TORONTO, Ont. – Road tests will be hosted by at least four Ontario truck driving schools, under a six-month pilot project looking at ways to ease backlogs in the province’s licensing process.
Participating schools include Commercial Heavy Equipment Training (CHET) in Mississauga, Crossroads Truck and Career Academy in Ottawa, Northern Academy of Transportation Training (NATT) in Sudbury, and Northstar Truck Driving School in Windsor.
Tests are traditionally based at DriveTest Centres operated by Serco.
“The primary intent of the pilot program is to gather data to inform future decisions on potential ways that capacity within the commercial road testing network can be increased,” an Ontario Ministry of Transportation (MTO) spokesman said, responding to questions from Today’s Trucking.
“The road tests will maintain all existing ministry requirements and standards and be overseen by fully trained driver examiners.”
The Truck Training Schools Association of Ontario (TTSAO) reports the pilot project will begin in August. And MTO confirms the ministry is already exploring ways to include additional schools and locations.
The approach could help to recover about 80% of the road tests that were put on hold because of Covid-19, says Brian Pattison, general manager of Northern Academy of Transportation Training (NATT), which has already scheduled three days of road tests. About four tests will be conducted per day.
Ontario DriveTest Centres were closed March 23 as a strategy to help prevent the spread of coronavirus. While the licensing facilities began to gradually open three months later, full services are not expected to return until September.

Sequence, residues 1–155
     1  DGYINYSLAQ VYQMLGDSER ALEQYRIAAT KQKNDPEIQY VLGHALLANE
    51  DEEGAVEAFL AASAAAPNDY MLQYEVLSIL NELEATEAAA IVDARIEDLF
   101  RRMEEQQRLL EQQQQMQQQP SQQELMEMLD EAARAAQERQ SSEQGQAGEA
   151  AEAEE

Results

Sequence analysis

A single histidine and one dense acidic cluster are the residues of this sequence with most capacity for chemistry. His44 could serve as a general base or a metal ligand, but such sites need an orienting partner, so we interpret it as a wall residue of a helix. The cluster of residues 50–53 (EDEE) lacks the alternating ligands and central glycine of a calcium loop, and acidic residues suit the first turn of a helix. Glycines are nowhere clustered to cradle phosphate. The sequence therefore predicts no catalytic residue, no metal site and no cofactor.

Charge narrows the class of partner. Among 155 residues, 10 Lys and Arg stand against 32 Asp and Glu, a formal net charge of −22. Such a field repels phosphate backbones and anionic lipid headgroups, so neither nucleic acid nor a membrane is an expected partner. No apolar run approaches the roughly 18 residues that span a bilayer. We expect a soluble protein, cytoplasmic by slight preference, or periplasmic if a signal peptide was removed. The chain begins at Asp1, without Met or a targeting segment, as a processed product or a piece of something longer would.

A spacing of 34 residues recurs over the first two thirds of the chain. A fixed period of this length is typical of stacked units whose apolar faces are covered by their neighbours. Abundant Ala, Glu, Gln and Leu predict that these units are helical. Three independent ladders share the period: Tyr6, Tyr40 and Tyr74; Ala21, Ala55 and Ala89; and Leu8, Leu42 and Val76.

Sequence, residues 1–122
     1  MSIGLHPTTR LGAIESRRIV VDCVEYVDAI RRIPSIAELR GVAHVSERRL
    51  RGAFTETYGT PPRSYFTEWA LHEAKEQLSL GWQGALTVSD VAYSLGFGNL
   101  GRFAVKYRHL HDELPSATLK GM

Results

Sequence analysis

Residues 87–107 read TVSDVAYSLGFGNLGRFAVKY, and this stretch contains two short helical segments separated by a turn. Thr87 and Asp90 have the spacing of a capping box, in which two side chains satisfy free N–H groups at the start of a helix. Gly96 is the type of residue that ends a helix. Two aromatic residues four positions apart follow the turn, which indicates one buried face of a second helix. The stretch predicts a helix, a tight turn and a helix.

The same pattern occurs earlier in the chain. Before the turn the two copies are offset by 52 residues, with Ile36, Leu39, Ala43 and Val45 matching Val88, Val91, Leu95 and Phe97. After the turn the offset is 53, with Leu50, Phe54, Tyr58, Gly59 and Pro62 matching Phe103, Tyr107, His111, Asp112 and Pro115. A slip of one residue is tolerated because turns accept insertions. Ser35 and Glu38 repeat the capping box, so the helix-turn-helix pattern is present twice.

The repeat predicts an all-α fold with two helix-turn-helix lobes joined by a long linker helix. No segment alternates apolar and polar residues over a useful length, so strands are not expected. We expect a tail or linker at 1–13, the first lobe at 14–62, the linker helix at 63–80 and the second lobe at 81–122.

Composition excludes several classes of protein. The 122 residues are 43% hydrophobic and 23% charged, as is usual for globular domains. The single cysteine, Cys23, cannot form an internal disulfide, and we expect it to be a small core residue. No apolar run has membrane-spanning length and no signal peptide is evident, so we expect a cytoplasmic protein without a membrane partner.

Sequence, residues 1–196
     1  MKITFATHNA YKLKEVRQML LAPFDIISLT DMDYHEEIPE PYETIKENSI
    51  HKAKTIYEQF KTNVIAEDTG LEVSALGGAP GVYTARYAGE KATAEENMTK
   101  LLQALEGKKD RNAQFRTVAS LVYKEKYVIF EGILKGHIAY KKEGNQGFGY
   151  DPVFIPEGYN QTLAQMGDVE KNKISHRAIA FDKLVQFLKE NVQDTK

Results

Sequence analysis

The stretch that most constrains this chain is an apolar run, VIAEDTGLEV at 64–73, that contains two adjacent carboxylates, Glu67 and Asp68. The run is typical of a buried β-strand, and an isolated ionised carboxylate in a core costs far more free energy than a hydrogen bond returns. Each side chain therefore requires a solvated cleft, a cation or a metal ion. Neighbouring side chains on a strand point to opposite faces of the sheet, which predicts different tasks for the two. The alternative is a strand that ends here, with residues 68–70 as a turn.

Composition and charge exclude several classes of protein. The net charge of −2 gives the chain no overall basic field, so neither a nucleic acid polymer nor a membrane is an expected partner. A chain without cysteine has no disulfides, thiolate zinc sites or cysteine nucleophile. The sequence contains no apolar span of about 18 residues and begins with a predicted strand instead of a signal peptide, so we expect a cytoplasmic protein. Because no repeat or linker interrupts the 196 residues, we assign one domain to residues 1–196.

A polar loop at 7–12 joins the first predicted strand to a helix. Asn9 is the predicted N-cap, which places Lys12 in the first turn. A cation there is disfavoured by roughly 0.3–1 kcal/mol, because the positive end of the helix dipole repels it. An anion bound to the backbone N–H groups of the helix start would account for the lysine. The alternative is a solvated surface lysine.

The road tests hosted at the schools will help to ensure all safety measures are in place, including the measures that are helping to prevent the spread of Covid-19, Pattison said, referring to strategies such as social distancing.
“If they went to DriveTest, they have a lot of the general public there.”
Participating schools need to agree to a weekly or bi-weekly testing schedule, pay for a 7.5-hour block of testing each time, and submit schedules at least a week in advance, a source at one driving school said. They’ll also face a one-time set-up fee of $305 and pay $231 per testing day to cover examiner travel costs.
In addition to having a lot large enough to complete required maneuvers, the criterion involves setting routes, and ensuring that areas are deemed to be safe for on-site testing.
Required yard layouts were identified as another source of road test backlogs prior to Covid-19. Updated road tests that were introduced along with the province’s mandatory entry-level training regime have reduced the volume of road tests that some DriveTest Centers are able to conduct per day.
“They’re training on their home turf.”
– Ray St. Jean, Northstar Truck Driving School
While Northstar Truck Driving School has not faced a testing backlog in its region, the on-site exams will make students more comfortable during licensing tests, said general manager Ray St. Jean. “They’re training on their home turf.”
As promising as the approach to exams may be, the school is currently limited to working with students who began their training prior to Covid-19 shutdowns, St. Jean added, referring to the booking system that applies to his region. Northstar is still waiting for the Ontario Ministry of Training, Colleges and Universities to announce when other training can begin.
“We’re kind of fingers crossed,” St. Jean said.
The on-site exams are not a fit for every driver training school, either.
“We’re probably not going to participate because, for us, there’s no need for it,” said Gus Rahim of the Ontario Truck Driving School in London. “But I can see in certain areas where there’s a need for it.”
The business also does not have the required yard space for the tests to run in parallel with other training, he added. “They’re going to need an area just for them, and we have to continue offering our business.”
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